A new engineering approach to predict the hydrostatic strength of uPVC
|Abstract:||Extruded unplasticised Poly(Vinyl Chloride) (uPVC) pipes are certified using pressurised pipe tests.
During these tests the pipes are subjected to a certain temperature and internal pressure, while the
time-to-failure, the time at which the internal pressure drops due to rupture or fracture, is measured.
These tests are time consuming and are therefore costly. To circumvent these costs a model-based
approach is proposed where the time-to-failure is predicted. The input parameters for this approach
can be determined using short term measurements. The approach uses the observation that the timeto-
failure kinetics of uPVC pipes subjected to an internal pressure is independent of the type of failure
mode (ductile, semi-ductile or brittle). This supports our statement that the underlying mechanism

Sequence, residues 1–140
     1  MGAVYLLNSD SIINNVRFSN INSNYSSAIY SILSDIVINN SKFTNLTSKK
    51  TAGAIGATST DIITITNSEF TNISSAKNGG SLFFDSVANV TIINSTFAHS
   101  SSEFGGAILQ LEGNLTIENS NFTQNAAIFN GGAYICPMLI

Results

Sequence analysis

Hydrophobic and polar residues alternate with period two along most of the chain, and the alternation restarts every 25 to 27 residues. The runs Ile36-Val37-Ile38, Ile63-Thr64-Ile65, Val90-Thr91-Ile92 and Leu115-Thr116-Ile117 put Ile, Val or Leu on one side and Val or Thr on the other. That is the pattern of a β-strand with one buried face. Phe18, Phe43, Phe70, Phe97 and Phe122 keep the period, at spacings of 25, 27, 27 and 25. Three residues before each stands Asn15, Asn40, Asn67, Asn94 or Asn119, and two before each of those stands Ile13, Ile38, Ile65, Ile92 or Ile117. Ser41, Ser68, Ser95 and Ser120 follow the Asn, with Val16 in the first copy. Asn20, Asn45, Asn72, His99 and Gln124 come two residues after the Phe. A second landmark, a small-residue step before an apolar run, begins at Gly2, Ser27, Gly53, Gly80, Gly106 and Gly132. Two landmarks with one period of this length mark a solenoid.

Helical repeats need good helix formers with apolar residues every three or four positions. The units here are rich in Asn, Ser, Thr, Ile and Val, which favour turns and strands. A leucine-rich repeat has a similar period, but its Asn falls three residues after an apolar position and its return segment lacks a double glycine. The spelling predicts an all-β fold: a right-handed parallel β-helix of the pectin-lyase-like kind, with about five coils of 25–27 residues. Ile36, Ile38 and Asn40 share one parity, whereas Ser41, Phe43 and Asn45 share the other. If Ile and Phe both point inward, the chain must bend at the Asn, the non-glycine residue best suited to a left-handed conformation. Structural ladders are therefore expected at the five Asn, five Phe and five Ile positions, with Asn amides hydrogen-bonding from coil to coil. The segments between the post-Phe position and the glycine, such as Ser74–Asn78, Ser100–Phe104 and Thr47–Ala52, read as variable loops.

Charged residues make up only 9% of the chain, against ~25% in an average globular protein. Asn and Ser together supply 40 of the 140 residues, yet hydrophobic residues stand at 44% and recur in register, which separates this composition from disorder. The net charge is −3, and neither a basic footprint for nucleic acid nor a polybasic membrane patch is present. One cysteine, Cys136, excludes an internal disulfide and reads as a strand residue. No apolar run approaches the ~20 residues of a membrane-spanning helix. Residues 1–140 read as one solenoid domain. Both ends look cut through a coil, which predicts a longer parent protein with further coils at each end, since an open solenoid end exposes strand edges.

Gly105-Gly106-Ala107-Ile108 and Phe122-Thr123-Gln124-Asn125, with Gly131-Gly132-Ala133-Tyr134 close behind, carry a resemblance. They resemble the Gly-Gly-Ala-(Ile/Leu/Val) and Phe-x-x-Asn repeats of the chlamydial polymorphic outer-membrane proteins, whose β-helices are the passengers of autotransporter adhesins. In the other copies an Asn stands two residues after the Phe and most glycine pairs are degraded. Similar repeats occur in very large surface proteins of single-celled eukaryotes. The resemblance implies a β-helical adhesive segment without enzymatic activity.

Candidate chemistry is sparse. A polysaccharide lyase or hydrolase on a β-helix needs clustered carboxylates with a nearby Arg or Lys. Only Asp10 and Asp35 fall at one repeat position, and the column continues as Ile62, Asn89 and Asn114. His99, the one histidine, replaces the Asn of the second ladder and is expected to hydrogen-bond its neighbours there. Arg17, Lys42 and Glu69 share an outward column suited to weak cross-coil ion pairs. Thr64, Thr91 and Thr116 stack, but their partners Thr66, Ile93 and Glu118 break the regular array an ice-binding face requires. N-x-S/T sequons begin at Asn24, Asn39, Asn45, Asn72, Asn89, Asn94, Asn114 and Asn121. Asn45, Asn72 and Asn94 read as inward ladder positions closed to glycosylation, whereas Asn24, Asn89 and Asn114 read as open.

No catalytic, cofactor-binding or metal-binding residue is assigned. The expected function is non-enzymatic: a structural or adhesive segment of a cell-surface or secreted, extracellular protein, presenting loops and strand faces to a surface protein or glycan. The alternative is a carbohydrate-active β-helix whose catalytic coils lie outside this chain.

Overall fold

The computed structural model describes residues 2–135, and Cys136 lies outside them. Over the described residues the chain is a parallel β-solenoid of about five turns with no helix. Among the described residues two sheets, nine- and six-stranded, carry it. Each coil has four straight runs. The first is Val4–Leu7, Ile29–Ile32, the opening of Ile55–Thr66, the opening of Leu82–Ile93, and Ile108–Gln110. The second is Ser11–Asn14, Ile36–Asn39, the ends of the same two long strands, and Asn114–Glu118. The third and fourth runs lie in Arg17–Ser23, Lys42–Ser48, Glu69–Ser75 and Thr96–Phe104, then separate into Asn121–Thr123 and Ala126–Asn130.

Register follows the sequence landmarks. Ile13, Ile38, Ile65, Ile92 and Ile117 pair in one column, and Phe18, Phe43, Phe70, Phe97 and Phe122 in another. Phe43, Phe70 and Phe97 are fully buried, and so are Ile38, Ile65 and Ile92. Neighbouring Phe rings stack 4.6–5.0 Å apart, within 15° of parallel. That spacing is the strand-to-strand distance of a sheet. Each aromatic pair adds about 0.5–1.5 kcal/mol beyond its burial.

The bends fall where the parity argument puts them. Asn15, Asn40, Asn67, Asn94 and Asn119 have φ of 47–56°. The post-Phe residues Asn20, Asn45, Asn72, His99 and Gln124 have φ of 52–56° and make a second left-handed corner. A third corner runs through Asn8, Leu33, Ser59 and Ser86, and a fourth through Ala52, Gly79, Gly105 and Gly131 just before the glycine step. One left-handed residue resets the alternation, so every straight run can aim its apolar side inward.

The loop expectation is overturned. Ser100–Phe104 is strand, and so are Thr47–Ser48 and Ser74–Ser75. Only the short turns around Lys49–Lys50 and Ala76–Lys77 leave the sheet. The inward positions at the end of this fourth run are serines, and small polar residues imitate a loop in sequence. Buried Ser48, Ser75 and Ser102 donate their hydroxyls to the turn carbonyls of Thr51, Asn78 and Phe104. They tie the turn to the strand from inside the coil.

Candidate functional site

that initiates failure is similar for these types of failure. Local deformation of the material up to a
critical value of the anelastic strain is believed to determine the start of failure of the material. This
critical strain appears to be constant for the testing conditions used during this study. A pressure
modified Eyring expression is employed to calculate the strain rate resulting from the applied stress
at a certain temperature. The time-to-failure follows from the calculated strain rate and the critical
strain of the material. This approach has been verified against literature data and shown to hold
quantitatively. Furthermore, the model seems to hold for different processing conditions.
|Item Type:||Conference or Workshop Item|
Engineering Technology (CTW)
|Link to this item:||http://purl.utwente.nl/publications/70502|
|Export this item as:||BibTeX|
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